My paper ‘Liberating the Pregnant Body: disempowerment and disembodiment in maternity care’ on my new research project on a care ethical view of maternity was enthusiastically responded to by the audience of the Global Carework Summit in Toronto last week. One response came from a mother present together with her baby. She responded as a carework researcher and a mother. She had never realized, and was now stunned at, how little she had thought about the pregnant body with regard to carework, even during her own recent pregnancy. Like myself she was amazed at how it is largely lacking in philosophy, sociology, and political (care) ethics.
Recently I had the honor to meet Israeli mother and artist Shira Richter. We immediately connected as mothers of twins. In our research network ‘concerning maternity’ she showed many of her works which are artistic interpretions and expressions of the many aspects concerned in mothering: the bodily marks after pregnancy, the pacifying effect of pacifiers and baby bottle teats, the not so helpful comments and advice offered by others. Admire her work and read this interview and this interview.
She is also an activist in a country where becoming a mother means producing a soldier for its defense. She showed an image of a fetus making a military salute and wearing a military baret. It was from an advertisement from an Israeli maternity hospital (that appears in this YouTube video). A shocking social imaginary. In this militarized context, maternity means something else than in a peaceful context like my own, and it came as a shock to me to learn this.
With great interest I have read this study by Elizabeth Newnham and Mavis Kirkham who develop a care ethical outlook on midwifery as adequate alternative to bioethical and medical emphasis on respect for autonomy. The authors argue convincingly that the concept of autonomy is as such inadequate in ethical questions in midwifery care. Not only is a relational instead of an individualistic view required, as the pregnant woman is two-in-one, also autonomy does not represent the actual obstetric practice that already focuses on the unborn and is not free from paternalism. Hence attention and arguments for autonomy in everyday midwifery practice seem to be primarily rhetorical. An adequate alternative, the authors claim, is care ethics as it uncovers power relations (instead of covering them up) and focuses on concrete relational practices rather than abstract principles. A view that importantly underpins our research.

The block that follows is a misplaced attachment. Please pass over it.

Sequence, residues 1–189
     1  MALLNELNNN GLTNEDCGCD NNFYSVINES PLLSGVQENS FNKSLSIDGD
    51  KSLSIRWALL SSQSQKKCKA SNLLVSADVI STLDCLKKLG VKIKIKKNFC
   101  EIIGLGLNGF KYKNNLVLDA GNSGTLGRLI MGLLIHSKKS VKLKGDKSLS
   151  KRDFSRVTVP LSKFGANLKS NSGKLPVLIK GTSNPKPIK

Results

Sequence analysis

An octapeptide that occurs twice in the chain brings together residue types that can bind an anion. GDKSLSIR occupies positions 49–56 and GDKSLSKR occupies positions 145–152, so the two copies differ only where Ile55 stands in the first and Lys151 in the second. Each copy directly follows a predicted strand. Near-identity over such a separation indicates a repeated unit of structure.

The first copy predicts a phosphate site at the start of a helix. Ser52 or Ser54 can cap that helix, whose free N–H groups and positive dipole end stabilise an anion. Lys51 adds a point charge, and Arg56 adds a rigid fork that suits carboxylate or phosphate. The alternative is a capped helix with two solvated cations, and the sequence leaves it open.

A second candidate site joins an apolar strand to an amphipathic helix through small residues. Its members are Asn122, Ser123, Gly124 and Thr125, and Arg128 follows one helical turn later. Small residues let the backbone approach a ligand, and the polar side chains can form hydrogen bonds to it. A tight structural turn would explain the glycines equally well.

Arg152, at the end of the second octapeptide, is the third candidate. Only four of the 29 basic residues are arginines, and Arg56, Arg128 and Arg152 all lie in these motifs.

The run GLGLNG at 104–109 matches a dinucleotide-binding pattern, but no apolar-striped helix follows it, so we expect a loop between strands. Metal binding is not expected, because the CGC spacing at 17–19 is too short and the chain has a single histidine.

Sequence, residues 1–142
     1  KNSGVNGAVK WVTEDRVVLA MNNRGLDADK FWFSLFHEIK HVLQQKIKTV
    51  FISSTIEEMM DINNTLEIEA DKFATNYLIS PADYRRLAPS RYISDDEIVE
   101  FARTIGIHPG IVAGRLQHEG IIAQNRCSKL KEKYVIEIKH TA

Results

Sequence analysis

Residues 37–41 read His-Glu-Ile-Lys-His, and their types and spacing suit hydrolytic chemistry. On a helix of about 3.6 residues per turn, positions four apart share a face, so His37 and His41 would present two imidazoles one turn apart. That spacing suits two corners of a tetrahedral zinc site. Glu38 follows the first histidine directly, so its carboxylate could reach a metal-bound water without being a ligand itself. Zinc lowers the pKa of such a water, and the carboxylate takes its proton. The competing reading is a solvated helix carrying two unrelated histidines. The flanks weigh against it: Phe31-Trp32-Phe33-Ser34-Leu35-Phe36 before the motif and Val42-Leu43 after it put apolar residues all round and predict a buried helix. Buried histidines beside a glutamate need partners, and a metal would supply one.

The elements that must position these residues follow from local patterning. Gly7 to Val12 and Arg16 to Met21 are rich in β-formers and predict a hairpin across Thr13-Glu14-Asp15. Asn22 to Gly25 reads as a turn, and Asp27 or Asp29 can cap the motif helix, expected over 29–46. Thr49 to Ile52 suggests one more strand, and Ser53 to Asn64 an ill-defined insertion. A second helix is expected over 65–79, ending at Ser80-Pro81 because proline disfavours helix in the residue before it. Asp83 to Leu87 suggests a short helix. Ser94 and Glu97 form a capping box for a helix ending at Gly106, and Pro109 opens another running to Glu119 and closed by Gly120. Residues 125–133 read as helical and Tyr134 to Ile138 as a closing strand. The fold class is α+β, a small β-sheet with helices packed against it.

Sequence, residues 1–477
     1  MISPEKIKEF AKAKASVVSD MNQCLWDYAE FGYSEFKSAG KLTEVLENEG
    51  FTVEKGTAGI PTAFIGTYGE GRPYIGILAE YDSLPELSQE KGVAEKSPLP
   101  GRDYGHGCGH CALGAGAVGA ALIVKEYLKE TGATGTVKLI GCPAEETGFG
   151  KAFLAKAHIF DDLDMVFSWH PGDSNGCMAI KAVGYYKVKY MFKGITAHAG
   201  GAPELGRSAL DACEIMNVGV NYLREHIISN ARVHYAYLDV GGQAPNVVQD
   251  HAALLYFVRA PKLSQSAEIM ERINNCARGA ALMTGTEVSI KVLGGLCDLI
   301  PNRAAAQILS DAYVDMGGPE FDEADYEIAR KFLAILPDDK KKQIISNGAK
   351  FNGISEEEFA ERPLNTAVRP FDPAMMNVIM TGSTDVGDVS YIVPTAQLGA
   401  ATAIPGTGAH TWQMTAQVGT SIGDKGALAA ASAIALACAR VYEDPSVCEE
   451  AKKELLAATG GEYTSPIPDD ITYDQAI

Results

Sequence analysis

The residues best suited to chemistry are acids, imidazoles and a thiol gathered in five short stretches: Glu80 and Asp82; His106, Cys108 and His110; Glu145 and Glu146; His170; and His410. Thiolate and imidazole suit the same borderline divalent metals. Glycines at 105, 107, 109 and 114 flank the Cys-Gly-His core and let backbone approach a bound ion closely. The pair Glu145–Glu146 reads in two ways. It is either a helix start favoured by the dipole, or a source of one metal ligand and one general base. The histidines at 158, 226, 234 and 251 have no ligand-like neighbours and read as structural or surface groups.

Reading and studying Barbara Duden’s book is both a thrilling and shocking experience. She writes on the disembodiment of pregnancy, i.e. how pregnancy became a concept that can be thought of – even by pregnant women themselves – without including a woman’s body. Even after 25 years it has lost nothing of its relevance, considered in the light of many recent developments.
In this extended essay I want to call attention to the profound consequences, for women and for society, that accompany this public [Pro Life, IvN] dispute. Politicians and jurists, theologians and physicians are engaged in a major effort of social creation whose object is “life.” As a result of this effort, a new idea has become universally accepted: just as the Blue Planet – “seen” from space – is the environment of all life, so woman is the environment of new life. Almost overnight, these beliefs have become growth industries for new professional establishments, from ecological systems engineers to bioethicists, to manage. Concurrently, the term life (and a life) has become an idol, and controversy has attached a halo to this idol that precludes its dispassionate use in ordinary discourse. This book deals with the history of this idol – the history of life not as an object but as a notion. I want to examine the conditions under which a new discourse has transformed pregnancy into a process to be managed, the expected child into a fetus, the mother into an ecosystem, the unborn into a life, and life into a supreme value. (Duden, 1993, p.2)
Today I started to study this classical work by Barbara Duden: a fascinating analysis of our culture’s preoccupation with the visible, i.e. everything that can be witnessed, measured, controlled and interpreted. With regard to pregnancy the consequences are unreflected but severe: the disembodiment of women. Historically women’s experience of pregnancy was fundamentally different. A must read!